Paw Prints: Writings of the maddog
The late George Carlin once did a comedy routine about “stuff” and I sympathize with him entirely, but while his concept was that he had all his “stuff” in houses, in suitcases and in bureau drawers, I have most of my interesting “stuff” on disk drives.....
Over six years ago I purchased a new IBM Thinkpad X31 laptop notebook. I intended on having it a long time, so I outfitted it with the maximum amount of memory that I could get (2 Gbytes), along with the largest disk, which at that time was 80 Gigabytes, and an extended warranty covering five years.
About three years ago I started feeling a bit pinched for disk space, so I upgraded to a 160 Gbyte disk and thought that would hold me for a while. About the same time I bought a new still camera that took 10 Mpixel images, which with jpeg compression averaged out to 4.5 Mbytes each. I take a lot of pictures and tend to keep the last year's worth of pictures on my notebook to use in articles, etc.
Last year the notebook finally needed servicing, so I took advantage of my five-year warranty and had it fixed. Not only did IBM fix it in less than three days (including shipping in both directions), but they upgraded all the firmware and give me a new keyboard, since the old key caps had become so worn that they could not be read. Note that worn key caps can be viewed as a security feature against thieves who are not touch typists, but it was nice to have a pristine keyboard again. At the same time I upgraded to a 320 Gbyte disk.
Last year I started making videos. Most of my videos are only two or three minutes long, but video being fairly “storage intensive”, the spare disk space started “shrinking” again, and adding a renewed interest in comparing distributions (therefore needing VM space and iso space), the disk space shrank even faster.
Over the past couple of days the 14 Gbytes that I left in my working pool of space was reduced to less than 1 Gbyte by some short-term storage needs, and I started getting messages from the system that I “only” had 1 Gbyte or less disk space left.
I paused to reflect on this fact, and thought about how the first disk I ever had in my workstation was 5 megabytes that held my entire OS, while a 10 Mbyte disk that I obtained later held not only all the OS but all my user files too.
I hoard things....I know that. I have every email message sent to me in the past five years on my notebook (minus some pretty bad SPAM....I sometimes keep the more interesting SPAM), and lots of other “stuff” that I probably should go through and eliminate some day. On the other hand, sometimes the “stuff” comes in handy and sometimes I enjoy coming across those by-gone pieces of data when I am looking for other things.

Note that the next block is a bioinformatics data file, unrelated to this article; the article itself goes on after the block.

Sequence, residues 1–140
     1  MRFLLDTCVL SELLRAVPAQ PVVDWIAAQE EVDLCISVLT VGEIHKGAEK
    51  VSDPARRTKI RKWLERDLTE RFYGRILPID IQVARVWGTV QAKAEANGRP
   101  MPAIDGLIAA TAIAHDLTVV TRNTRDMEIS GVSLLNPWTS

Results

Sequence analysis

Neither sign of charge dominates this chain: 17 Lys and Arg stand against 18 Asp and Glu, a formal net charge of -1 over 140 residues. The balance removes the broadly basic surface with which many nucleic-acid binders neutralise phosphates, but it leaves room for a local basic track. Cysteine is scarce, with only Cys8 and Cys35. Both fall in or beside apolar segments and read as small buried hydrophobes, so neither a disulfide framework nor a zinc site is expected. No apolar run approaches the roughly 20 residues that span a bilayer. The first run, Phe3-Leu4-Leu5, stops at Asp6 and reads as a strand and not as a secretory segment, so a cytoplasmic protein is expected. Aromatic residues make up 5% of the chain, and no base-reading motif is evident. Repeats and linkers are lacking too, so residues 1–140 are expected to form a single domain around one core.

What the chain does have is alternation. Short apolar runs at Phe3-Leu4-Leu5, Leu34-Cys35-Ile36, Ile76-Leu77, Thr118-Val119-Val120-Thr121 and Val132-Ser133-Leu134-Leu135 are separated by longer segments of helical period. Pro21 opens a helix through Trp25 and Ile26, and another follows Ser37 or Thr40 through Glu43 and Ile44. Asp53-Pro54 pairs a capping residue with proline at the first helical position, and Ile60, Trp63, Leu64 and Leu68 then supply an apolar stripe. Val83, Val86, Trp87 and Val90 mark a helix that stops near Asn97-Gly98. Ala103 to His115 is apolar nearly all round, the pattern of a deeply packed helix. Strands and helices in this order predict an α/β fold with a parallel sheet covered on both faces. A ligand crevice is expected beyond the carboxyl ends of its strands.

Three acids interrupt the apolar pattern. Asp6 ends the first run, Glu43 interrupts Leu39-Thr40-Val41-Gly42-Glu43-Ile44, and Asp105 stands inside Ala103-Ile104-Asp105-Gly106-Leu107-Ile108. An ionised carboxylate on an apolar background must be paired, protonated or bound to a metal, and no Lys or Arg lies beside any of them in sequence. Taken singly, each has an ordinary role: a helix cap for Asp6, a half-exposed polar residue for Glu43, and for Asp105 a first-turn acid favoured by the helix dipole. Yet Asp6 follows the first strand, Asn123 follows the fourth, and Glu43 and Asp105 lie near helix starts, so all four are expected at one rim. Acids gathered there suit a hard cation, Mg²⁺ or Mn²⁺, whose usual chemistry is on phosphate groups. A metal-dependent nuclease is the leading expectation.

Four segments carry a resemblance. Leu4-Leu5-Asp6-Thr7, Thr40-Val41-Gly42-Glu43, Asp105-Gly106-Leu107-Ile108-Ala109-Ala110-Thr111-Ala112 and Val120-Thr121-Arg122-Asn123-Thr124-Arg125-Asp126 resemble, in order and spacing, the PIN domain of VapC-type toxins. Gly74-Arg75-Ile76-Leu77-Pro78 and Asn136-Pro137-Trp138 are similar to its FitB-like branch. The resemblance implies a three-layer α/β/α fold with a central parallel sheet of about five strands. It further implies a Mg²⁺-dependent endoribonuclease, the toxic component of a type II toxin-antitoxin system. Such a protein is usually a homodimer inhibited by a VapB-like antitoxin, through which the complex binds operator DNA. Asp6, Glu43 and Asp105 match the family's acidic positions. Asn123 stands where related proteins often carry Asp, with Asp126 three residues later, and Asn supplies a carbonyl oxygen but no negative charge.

But it does sometimes create sad amusement to realize that just my portable notebook has many, many times more disk storage than the entire data center of Aetna Life and Casualty had in 1978 which held all of the records of the company and their customers, and I still keep running out of room for just my “stuff”.
Where I put *my* stuff?when I bought my latest box, it had internal sata and scsi drives; 300G and 160G respectively. since then, after discovering the internet, those two filled up, the latter with new installed packages and the former with my archive of the internet. After that I bought a ~500G external usb drive and began using that for archiving the web.
I've got about 1.1Tb of space total attached to that puter and several hundred gig free. My archiving has slowed a bit too. However and in the mean time, i've had to change filesystems from ext3 to xfs because booting and fsck time was too long with ext3. Only the boot partition is ext3 now but that'll change at the next Slackware install.
Version 16 of the popular Linux desktop reveals new tools, edge-snapping, and performance improvements.
Symantec says Linux-Darlioz burrows in through PHP.
Dell renews its quest for the ultimate developer machine.
Innovative back door looks like normal SSH traffic.
One of CeBITs most successful forums opens the new year with a new name. The popular Open Source Forum continues in 2014 under the name Special Conference: Open Source. This year, the forum will be bigger and offer a wider range of possibilities for sponsors.
New release offers better graphics drivers and expands filesystem support.
New mail protocol will shut out the NSA and prevent snooping on metadata.
A new web application helps users visualize distributed denial-of-service attacks.
Ubuntu 13.10 takes a step toward convergence, with lots of mobility, but Mir only partly here.
Galileo board is targeted to embedded developers and educational institutions.